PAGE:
On the bus I now take to university in Berlin everyday, I reach compulsively for my phone to check Facebook for updates from Egypt. I see that someone else has been arrested, this time a PhD student like me, who was also doing his fieldwork in Egypt. I get flustered and feel physically scared. I’ve resisted this feeling for so long, but this time it hits me.
I was planning to travel to Egypt in Eid and visit my mother. She hasn’t taken my absence very well, both physically and emotionally, so I wanted to do something nice for her. But now I’m afraid to go home and my mind spins. If I’m held at the airport and disappear for a few days, as has become almost customary with these arrests, how will my mother’s heart deal with it? Will she cope until I resurface at a random police station? If something happens to her, I’ll never forgive myself. After a life of hardship she is strong, but what about me?
Would the authorities allow me access to my daily medication? It has become a pattern to deny prisoners access to medical supplies, even those with chronic or terminal illnesses. Would they put me in solitary confinement, as they do with many political prisoners, to control the spread of their “poisonous ideas?” How would I survive in solitary confinement without my medication? I wonder if they would allow me access to books, or pens and paper. Would I be allowed visitors? Would I be able to see my mother? How long might I be detained for? I don’t even consider the possibility of seeing my partner, or my friends: that’s a luxury.
What did my mother do to deserve such pain? She lost her father when he was exiled from Egypt under Sadat for being an outspoken oppositional figure, and I never met him.
Three generations of struggle and a revolution later, and one might think that today would be better than 50 years ago. I wonder: did she ever forgive my grandfather for what happened to the family? Did she think he abandoned her? Did she blame him? Would she blame me? My mind races.
I must have a conversation with her about this when I go home. I know she hates to talk about it, but we must. I understand now that it wasn’t my grandfather’s fault. He stood up for what he believed in, as I am trying to do. But why does the price of all this have to be her pain?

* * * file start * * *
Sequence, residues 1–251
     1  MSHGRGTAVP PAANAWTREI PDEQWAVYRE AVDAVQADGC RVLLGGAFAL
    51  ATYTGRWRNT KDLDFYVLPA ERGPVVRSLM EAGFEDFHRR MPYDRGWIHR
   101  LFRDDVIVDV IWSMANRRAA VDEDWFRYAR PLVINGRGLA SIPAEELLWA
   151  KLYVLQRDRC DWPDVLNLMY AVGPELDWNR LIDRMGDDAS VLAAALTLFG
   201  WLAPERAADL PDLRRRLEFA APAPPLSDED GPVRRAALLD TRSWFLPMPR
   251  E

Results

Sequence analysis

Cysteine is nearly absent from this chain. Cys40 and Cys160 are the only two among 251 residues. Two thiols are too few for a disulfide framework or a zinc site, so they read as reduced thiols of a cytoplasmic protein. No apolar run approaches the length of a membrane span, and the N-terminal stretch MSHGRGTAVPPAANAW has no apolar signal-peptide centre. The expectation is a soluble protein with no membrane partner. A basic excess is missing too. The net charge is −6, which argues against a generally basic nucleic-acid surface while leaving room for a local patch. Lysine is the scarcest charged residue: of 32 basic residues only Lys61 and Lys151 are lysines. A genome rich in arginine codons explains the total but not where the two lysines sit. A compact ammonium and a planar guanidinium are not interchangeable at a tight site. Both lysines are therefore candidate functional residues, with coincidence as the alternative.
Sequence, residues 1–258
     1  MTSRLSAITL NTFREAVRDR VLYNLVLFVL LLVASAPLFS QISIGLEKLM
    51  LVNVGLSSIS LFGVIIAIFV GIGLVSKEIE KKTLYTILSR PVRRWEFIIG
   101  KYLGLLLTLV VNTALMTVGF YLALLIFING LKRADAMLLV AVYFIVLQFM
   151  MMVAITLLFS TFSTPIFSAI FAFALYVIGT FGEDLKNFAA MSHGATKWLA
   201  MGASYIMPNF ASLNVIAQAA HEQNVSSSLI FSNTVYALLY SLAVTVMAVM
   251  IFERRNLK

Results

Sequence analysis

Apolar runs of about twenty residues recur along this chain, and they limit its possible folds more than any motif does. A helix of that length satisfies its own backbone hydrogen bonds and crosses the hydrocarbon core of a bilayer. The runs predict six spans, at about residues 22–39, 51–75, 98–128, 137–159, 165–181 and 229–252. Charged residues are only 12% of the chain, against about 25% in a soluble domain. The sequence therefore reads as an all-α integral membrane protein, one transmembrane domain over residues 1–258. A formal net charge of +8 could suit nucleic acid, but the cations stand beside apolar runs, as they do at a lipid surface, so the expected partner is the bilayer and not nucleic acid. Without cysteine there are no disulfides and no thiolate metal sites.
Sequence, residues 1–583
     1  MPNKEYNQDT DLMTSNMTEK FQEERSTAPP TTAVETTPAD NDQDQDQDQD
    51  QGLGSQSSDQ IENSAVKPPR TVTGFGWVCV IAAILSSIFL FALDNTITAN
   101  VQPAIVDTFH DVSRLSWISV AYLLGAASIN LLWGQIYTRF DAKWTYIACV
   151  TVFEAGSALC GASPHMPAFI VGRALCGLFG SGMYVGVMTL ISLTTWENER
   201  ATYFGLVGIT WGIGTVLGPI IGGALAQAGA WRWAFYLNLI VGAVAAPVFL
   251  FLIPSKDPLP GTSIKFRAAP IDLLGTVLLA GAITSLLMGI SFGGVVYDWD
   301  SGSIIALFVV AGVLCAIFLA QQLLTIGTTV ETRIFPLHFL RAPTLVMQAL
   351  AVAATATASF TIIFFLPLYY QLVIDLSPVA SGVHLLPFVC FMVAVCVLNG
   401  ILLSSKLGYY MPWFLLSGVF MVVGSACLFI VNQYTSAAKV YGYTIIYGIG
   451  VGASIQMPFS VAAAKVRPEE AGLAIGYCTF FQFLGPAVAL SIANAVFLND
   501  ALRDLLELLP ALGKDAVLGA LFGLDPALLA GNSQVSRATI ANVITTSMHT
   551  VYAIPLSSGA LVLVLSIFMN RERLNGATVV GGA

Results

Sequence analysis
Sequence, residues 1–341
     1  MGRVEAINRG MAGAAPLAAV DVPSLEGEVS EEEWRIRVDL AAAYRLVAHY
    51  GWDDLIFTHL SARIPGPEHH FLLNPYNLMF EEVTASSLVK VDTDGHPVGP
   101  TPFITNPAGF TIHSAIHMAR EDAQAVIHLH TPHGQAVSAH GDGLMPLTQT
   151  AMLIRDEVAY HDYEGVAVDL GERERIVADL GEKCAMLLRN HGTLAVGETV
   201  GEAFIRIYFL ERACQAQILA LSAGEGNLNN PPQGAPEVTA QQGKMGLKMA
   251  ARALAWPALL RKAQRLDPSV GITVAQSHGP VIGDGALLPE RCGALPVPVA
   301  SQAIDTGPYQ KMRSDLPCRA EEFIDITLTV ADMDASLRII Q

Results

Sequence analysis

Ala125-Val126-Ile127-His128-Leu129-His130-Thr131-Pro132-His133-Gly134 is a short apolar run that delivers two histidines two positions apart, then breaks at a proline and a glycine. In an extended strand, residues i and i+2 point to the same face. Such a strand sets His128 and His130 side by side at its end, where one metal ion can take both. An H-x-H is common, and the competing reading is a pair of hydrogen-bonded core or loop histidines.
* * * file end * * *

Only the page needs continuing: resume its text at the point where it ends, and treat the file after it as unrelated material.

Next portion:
I miss my station. I get out, look around, and realize how beautiful it is. I feel guilty that I’m here, while some of my friends are in dark cells. I also feel guilty that I’m here and not enjoying all this beauty. Crippling fear has crossed the Mediterranean and taken over my mind. Fear is a strange thing. I cannot go home, but neither can I make a home here. Sometimes, someone yells at me on the street to “go home,” thinking this is an insult, but it’s not for me. Returning home is my deepest desire. I dream of going back to a place that is free of fear, where I can fulfil my potential. Dictatorships are not a far away problem. My neighbors, colleagues, people I meet at the supermarket or on the U-bahn, may be suffering from fear, just like me. In Germany you never really know who you’re talking to. But talking about our fears, hopes and dreams is how we survive together in diaspora. Sharing them somehow lightens the burden, and means I am no longer in a solitary confinement of sorts.
If you see me on the bus, with tears in my eyes, it is probably because I’m deep in thought or scared. If you see me smiling or laughing, you know that I’m trying. If you do not see me at all, imagine me back home surrounded by friends and family, telling them about my time in Germany. Or maybe detained somewhere. For, as I continue my PhD research, a nagging fear in my mind and body reminds me that, if I go back, I might be imprisoned, cut off from the outside world because I, like many of my friends, dared to dream of a better home.